Friday, 30 March 2007

The Observations - Jane Harris

I wasn't sure what to expect when I started reading this, having just realised it wasn't the new Joanne Harris, as I had thought in the bookshop (oops). However, the nineteenth century ambience and the quirky narrative of Bessy the maid/child prostitute was thoroughly engaging. When the 'supernatural' aspect of the story kicked in I was reminded of the non-ghost story that is 'Northanger Abbey', with rational explanations obvious only to those who wish to see them. Bessy's rather odd mistress ('marm') and her spiralling insanity keep the story rattling along, as the tricks Bessy plays get rather out of hand leading to a shock as her past meets her present.

Tuesday, 20 March 2007

The Flanders Panel - Arturo Perez-Reverte

I read this a few years ago, lent it to a friend then forgot all about it. When it was conscientiously returned to me, I couldn't not re-read it. When I started, I couldn't remember whodunit, but as I turned the pages, it all came flooding back to me. This wasn't really a problem; I don't mind knowing what happens because I read books or watch films more to see how it happens (I don't much like surprises...).

The layers of the story draw you in, but I found the 15th century mystery more compelling than the modern detective work. It was also slightly disappointing that the modern crime was not connected to the past events, except as an instigator. The flashbacks to Roger de Arras and Beatrice of Burgundy are beautifully constructed ethereal passages, portraying the distant beginnings of this mystery and the cast who played the key roles. It does seem a shame that the modern group appear more constructed and somewhat stereotypical (the louche homosexual antique dealer, the thrill-seeking aging gallery owner, the introverted chess master and the strong yet vulnerable woman they gather around). The denouement therefore, is less shocking than it should be, and the betrayal involved more of a disappointment than anything else. That said, the story is engaging enough for me to wish I could read the original, but unfortunately my Spanish isn't up to that.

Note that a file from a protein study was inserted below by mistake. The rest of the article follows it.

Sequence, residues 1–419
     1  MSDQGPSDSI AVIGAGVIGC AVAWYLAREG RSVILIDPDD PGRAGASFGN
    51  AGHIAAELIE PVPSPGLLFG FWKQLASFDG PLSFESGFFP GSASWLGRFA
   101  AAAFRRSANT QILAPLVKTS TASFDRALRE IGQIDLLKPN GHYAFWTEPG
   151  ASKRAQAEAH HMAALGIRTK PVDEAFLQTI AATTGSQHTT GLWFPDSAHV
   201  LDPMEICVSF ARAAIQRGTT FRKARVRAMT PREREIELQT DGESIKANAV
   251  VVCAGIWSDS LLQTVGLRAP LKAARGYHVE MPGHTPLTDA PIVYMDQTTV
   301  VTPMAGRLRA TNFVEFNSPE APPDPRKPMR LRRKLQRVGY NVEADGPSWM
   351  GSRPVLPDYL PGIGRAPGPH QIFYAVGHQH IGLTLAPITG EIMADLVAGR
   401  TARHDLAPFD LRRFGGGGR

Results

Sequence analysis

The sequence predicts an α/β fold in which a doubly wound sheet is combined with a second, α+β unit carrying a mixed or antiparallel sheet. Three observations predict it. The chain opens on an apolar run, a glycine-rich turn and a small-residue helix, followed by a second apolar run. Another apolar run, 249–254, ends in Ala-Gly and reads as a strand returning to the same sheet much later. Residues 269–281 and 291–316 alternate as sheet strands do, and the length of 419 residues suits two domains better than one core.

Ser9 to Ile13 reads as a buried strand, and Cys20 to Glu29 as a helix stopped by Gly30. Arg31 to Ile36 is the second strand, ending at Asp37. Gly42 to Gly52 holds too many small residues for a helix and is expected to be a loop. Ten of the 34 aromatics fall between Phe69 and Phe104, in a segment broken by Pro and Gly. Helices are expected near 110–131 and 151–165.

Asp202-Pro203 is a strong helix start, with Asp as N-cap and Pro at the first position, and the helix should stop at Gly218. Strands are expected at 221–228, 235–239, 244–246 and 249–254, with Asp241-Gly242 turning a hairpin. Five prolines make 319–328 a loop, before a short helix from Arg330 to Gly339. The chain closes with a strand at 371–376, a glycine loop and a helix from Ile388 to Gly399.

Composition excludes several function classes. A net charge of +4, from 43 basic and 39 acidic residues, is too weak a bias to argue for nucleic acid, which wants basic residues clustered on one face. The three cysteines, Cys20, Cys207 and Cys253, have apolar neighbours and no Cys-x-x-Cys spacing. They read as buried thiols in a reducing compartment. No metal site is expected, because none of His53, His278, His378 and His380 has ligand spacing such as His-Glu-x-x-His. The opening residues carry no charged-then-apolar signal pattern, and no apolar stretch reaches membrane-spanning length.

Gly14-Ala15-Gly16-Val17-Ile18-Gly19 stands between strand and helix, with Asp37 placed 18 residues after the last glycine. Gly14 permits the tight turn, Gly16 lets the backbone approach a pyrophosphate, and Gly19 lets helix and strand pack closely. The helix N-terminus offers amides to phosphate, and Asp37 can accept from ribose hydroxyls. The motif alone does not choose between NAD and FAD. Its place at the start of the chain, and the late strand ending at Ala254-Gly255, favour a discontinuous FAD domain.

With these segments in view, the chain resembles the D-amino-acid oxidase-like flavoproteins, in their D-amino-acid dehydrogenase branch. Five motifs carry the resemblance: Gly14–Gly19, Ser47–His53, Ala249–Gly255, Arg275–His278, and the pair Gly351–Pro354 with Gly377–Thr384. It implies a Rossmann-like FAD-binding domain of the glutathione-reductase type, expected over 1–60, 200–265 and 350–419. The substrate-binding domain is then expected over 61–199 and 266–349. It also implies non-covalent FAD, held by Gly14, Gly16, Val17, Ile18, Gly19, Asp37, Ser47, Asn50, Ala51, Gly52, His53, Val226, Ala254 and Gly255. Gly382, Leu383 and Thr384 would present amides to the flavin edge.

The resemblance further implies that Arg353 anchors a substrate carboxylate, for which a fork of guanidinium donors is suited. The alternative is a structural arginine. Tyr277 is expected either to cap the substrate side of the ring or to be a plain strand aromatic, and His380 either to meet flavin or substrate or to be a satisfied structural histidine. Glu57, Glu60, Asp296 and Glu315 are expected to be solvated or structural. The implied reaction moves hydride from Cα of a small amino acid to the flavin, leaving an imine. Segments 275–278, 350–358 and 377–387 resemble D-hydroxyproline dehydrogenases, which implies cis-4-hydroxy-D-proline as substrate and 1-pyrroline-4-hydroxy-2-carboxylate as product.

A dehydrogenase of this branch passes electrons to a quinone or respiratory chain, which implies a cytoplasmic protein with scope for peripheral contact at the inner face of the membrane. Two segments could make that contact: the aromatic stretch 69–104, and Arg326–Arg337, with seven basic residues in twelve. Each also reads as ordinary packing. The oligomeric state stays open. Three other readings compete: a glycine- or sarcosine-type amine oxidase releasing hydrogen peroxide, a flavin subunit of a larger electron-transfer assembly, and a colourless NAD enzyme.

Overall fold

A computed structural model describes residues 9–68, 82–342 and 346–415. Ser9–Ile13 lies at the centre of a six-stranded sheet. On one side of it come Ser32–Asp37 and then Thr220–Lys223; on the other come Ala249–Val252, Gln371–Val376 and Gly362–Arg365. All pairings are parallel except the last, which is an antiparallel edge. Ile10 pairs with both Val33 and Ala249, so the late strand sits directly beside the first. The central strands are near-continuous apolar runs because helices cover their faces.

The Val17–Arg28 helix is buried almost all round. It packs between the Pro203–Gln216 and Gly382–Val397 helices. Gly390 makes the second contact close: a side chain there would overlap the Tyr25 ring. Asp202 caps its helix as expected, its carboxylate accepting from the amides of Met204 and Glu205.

Monday, 19 March 2007

Becoming Jane

With an interesting concept, accomplished cast and a fond public on its side, 'Becoming Jane' was always going to be relatively well-received. Anne Hathaway convincingly brings alive the frustrated author, torn between duty, passion and her conviction that works written by men and women have equal validity and promise. The 'Pride and Prejudice'-like romance between Austen and Tom Lefroy seems to jerk from antipathy to true love, creating a paradox due to the film's lack of pace in other aspects of the story. This may reflect the lack of historical background material regarding the supposed courtship and love affair, though it does create the effect of a slightly awkward gear change half-way through the film.

Visually, the eighteenth century comes alive, and the slow unfurling of the story may be considered atmospheric, particularly the opening soundless sequence. However, it really needed either more atmosphere or more substance to utterly convince, instead the result is an uneasy mix of conventional love story and stylistic imagery. The questions surrounding Austen's life and love that 'Becoming Jane' tries to answer are indeed intriguing, and for that reason I would say it is worth watching. Unfortunately though, it falls short of 'Shakespeare in Love'.

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